The Tragic Truth About Tico Torres

As with any band with a nearly 40 year history, Bon Jovi has had their share of very public problems. From guitarist Richie Sambora’s struggles with addiction, to Jon Bon Jovi admitting to having a “breakdown” in the mid-’90s, troubles for the band have followed alongside some of their greatest triumphs. And while many of the problems within the band have unfortunately surfaced to public view, some have not.

An original member of Bon Jovi, Tico Torres was born in New York on October 7, 1953. Around the age of 14, Torres took his first seat behind the drums in ’67 (via Sound Royalties). Playing in a bunch of local bands in the late ’70s and early ’80s, Torres joined Bon Jovi in 1983 by way of an introduction through Bon Jovi bassist Alec John Such (via Modern Drummer). Over the subsequent 38 years, Torres and his fellow bandmates would go on to record 15 studio albums (via All Music), selling over 130 million records worldwide.

For Torres, though, the success would prove taxing. In the 2009 documentary “Bon Jovi: When We Were Beautiful,” Torres opened up at last about his excessive drinking through the early ’90s (via Contact Music).

The dark side of success

In the film, Torres admits that “I was the kind of person that wouldn’t drink for months and then blow off two bottles. A lot of that was s*** I had to learn about — my father leaving me when I was a kid … There was a lot of anger behind that.” It got to the point where the band had to intervene. Approaching Torres, the rest of the band insisted that the drummer speak with psychologist Lou Cox, who counseled the band after firing original band manager Doc McGhee in 1991 (also via Contact Music). Faced with little alternative, Torres acquiesced and began counseling with Cox.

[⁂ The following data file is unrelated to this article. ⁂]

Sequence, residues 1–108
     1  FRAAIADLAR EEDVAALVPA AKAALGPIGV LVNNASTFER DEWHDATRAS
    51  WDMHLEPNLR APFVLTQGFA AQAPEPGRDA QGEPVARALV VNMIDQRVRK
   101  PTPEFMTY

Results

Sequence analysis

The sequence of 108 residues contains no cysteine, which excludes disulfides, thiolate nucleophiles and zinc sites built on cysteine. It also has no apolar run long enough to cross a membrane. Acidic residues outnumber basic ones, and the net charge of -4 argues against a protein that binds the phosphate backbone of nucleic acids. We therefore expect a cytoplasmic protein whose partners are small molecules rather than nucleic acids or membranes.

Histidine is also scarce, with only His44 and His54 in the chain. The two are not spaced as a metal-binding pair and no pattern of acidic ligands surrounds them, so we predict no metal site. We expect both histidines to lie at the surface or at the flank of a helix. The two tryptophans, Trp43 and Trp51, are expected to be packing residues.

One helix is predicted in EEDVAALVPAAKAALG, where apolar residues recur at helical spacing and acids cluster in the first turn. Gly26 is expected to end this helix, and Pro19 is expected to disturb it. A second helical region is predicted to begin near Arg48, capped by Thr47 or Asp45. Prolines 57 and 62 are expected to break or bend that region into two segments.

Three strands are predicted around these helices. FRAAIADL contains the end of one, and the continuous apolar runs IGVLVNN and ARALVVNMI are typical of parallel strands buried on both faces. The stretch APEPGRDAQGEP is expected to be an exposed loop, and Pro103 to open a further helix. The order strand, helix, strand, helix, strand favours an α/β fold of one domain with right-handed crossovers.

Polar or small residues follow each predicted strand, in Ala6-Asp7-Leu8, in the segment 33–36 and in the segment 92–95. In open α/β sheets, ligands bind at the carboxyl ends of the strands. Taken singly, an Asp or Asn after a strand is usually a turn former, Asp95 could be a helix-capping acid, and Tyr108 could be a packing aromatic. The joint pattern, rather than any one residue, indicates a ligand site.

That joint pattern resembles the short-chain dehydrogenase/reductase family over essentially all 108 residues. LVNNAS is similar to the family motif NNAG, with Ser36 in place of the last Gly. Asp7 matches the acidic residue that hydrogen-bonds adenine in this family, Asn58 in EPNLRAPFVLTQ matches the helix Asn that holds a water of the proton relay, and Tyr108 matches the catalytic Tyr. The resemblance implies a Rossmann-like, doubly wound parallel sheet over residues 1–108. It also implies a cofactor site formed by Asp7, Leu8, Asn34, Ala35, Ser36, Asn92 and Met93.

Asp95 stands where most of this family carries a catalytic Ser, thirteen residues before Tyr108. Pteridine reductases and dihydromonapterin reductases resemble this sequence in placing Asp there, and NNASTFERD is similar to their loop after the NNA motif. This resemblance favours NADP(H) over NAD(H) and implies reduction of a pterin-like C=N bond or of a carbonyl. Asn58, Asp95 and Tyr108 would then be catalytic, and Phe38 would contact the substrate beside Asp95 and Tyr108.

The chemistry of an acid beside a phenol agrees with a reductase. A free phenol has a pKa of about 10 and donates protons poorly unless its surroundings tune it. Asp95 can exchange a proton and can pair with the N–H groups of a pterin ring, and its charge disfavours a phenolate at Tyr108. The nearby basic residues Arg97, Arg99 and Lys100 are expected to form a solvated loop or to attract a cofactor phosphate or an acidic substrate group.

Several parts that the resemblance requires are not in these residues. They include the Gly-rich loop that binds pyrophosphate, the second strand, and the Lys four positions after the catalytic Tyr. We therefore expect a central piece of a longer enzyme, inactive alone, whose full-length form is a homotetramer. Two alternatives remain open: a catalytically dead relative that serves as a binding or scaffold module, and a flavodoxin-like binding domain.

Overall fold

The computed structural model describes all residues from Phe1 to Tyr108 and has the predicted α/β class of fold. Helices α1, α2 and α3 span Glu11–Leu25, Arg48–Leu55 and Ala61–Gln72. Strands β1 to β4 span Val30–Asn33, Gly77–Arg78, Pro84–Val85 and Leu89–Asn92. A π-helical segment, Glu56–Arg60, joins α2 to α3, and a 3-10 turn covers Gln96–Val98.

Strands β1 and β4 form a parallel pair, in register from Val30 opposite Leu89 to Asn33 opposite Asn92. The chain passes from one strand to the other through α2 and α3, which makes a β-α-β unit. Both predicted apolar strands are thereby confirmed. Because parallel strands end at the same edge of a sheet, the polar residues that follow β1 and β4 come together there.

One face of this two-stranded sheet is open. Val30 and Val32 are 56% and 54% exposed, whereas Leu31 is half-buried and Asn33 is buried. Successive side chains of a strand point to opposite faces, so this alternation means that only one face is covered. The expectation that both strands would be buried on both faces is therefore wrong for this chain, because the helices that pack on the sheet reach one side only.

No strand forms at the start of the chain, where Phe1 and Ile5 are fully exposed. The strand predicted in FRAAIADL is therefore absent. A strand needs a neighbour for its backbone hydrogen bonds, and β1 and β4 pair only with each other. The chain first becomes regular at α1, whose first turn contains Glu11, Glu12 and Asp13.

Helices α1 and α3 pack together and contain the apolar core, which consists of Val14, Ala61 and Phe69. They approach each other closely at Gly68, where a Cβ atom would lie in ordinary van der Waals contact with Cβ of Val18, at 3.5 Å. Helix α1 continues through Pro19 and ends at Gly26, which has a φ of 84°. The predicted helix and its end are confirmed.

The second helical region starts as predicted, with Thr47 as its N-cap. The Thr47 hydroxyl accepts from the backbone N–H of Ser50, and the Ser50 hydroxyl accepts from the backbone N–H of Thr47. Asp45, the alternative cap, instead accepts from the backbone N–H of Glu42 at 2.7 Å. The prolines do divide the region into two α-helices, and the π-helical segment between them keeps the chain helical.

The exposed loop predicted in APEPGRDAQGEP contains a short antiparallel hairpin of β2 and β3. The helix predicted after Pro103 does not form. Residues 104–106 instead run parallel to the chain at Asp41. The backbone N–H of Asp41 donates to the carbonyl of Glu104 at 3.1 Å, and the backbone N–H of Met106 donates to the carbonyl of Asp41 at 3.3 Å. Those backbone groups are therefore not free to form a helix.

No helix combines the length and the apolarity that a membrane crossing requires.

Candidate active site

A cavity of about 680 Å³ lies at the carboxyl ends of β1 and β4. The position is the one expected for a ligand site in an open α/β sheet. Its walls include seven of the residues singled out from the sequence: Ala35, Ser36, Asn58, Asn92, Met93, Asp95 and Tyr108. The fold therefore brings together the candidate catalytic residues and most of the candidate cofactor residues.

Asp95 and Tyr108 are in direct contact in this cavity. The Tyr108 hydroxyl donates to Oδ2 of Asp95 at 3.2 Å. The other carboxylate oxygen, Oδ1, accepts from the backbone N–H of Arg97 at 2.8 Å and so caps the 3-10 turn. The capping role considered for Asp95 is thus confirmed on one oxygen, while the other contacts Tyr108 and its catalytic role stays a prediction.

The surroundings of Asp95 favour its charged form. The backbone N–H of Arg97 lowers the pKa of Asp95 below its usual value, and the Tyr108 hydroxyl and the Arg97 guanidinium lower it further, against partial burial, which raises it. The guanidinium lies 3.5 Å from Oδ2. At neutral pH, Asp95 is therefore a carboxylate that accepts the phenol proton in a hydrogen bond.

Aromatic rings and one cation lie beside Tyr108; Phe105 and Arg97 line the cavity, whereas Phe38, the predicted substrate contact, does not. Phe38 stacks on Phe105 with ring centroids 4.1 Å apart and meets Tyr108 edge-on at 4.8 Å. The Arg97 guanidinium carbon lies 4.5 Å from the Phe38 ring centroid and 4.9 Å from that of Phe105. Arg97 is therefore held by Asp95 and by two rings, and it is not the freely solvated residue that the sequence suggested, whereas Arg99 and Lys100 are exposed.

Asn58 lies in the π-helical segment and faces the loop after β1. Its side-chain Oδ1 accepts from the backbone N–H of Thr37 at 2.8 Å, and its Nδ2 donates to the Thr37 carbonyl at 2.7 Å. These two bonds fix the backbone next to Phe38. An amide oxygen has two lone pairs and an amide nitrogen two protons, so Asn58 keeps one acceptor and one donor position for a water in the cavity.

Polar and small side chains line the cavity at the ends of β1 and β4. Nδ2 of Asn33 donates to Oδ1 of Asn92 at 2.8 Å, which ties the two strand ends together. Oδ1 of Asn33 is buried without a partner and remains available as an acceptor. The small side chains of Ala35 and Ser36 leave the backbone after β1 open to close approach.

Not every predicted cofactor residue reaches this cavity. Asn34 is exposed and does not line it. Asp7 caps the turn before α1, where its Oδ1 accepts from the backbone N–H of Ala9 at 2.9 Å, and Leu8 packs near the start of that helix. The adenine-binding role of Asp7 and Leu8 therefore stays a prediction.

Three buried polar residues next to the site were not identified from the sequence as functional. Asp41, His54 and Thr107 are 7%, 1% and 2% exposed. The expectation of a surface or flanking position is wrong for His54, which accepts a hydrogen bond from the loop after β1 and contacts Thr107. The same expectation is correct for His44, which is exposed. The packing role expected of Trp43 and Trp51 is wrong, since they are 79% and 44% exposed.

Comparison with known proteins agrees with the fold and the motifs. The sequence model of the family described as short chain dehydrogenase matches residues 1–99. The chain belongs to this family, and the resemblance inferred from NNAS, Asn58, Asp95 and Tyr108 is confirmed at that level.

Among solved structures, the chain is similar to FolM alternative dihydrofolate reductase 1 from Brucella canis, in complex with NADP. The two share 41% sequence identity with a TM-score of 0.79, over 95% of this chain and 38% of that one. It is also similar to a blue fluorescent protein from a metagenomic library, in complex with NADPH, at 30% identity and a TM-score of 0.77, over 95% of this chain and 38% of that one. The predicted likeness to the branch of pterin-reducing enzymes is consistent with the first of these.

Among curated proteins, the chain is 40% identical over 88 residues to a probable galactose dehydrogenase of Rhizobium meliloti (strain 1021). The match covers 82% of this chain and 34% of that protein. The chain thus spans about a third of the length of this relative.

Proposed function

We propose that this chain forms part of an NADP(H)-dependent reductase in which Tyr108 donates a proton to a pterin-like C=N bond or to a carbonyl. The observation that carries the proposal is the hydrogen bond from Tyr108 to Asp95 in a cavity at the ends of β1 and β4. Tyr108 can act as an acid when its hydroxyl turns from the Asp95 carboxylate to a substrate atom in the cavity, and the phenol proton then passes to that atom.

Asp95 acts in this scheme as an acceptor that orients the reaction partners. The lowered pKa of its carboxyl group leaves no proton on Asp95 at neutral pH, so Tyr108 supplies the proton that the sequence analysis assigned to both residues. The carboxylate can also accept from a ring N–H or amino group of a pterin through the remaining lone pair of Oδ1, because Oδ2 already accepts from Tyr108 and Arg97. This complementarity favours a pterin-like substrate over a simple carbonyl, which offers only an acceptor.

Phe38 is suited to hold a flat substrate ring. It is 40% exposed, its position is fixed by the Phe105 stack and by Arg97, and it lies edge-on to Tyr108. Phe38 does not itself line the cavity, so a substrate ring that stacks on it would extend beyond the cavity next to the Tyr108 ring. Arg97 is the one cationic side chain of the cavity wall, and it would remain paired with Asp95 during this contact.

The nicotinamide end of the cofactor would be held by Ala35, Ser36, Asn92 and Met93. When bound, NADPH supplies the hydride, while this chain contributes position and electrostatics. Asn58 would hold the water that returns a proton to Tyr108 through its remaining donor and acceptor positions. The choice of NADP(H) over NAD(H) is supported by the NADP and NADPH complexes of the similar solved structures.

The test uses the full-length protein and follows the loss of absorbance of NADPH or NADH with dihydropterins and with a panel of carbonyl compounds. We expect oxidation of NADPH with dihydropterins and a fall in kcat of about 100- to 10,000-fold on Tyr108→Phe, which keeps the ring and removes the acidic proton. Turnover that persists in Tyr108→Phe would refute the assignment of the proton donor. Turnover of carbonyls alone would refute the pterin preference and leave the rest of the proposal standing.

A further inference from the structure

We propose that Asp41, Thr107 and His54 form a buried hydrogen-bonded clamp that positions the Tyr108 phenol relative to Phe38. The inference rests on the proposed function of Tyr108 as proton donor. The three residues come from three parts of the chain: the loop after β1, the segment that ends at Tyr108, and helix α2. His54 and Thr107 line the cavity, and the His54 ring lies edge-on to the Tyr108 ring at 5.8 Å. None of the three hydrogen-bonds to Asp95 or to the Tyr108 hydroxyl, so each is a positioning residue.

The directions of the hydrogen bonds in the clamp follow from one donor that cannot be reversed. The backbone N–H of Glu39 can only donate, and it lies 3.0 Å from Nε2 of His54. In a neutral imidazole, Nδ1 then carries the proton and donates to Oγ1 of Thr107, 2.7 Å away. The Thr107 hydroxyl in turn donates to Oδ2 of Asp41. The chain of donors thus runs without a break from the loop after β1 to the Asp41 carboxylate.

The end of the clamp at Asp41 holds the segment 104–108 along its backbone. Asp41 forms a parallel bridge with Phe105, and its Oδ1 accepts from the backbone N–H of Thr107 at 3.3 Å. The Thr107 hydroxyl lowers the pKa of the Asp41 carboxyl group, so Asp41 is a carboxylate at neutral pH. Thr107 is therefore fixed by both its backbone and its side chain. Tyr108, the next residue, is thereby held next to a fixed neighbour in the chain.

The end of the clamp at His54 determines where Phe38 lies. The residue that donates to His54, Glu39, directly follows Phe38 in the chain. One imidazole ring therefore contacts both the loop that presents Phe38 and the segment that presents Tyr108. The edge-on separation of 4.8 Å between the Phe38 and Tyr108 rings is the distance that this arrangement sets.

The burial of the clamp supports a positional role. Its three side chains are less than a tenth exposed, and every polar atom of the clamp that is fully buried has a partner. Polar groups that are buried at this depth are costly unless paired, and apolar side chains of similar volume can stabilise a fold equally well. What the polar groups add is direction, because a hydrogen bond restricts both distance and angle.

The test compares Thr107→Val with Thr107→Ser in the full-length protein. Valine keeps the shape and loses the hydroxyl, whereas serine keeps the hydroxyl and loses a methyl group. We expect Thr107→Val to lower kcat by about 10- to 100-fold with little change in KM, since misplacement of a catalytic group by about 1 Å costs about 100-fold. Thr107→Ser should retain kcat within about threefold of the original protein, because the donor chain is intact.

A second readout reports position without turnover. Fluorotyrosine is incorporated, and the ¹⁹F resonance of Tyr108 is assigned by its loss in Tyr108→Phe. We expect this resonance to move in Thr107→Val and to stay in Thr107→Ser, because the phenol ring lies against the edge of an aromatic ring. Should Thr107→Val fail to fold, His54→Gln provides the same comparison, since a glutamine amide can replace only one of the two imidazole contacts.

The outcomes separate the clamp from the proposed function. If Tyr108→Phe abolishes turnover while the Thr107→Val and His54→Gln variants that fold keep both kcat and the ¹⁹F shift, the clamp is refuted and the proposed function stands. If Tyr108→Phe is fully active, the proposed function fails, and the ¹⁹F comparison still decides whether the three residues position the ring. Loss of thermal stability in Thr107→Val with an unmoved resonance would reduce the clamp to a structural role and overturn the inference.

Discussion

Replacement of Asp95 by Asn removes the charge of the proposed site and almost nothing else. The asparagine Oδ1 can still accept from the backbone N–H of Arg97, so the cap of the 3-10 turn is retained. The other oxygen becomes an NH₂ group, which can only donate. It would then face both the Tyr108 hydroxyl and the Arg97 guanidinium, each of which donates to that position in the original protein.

Decades later, Torres still sits behind the kit for Bon Jovi. Much older now, Torres is fortunate enough to face yet another problem bands with careers spanning four decades have to deal with: When to give it up. In a 2018 interview, Torres is quoted as saying, “We made a promise to ourselves: As long as it’s fun and as long as we have something to contribute musically together, why not do it? That’s where we’re at” (via Nola). With Bon Jovi releasing their 15th studio album, “Bon Jovi 2020,” last October, it appears Tico Torres, and the rest of the band, still have something to say.

(If you or anyone you know is struggling with addiction issues, help is available. Visit theSubstance Abuse and Mental Health Services Administration websiteor contact SAMHSA’s National Helpline at 1-800-662-HELP (4357).)

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